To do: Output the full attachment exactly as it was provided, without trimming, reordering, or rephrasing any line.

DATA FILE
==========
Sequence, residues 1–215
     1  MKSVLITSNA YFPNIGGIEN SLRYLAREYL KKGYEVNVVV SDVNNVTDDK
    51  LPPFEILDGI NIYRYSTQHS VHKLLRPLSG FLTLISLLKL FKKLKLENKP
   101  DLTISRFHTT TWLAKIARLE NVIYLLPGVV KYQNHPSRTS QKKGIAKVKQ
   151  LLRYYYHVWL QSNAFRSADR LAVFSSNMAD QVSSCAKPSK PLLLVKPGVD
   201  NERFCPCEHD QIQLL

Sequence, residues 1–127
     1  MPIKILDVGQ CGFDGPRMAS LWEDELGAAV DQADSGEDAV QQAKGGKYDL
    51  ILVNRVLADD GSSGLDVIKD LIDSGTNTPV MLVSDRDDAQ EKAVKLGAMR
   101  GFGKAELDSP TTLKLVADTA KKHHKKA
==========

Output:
Sequence, residues 1–215
     1  MKSVLITSNA YFPNIGGIEN SLRYLAREYL KKGYEVNVVV SDVNNVTDDK
    51  LPPFEILDGI NIYRYSTQHS VHKLLRPLSG FLTLISLLKL FKKLKLENKP
   101  DLTISRFHTT TWLAKIARLE NVIYLLPGVV KYQNHPSRTS QKKGIAKVKQ
   151  LLRYYYHVWL QSNAFRSADR LAVFSSNMAD QVSSCAKPSK PLLLVKPGVD
   201  NERFCPCEHD QIQLL

Sequence, residues 1–127
     1  MPIKILDVGQ CGFDGPRMAS LWEDELGAAV DQADSGEDAV QQAKGGKYDL
    51  ILVNRVLADD GSSGLDVIKD LIDSGTNTPV MLVSDRDDAQ EKAVKLGAMR
   101  GFGKAELDSP TTLKLVADTA KKHHKKA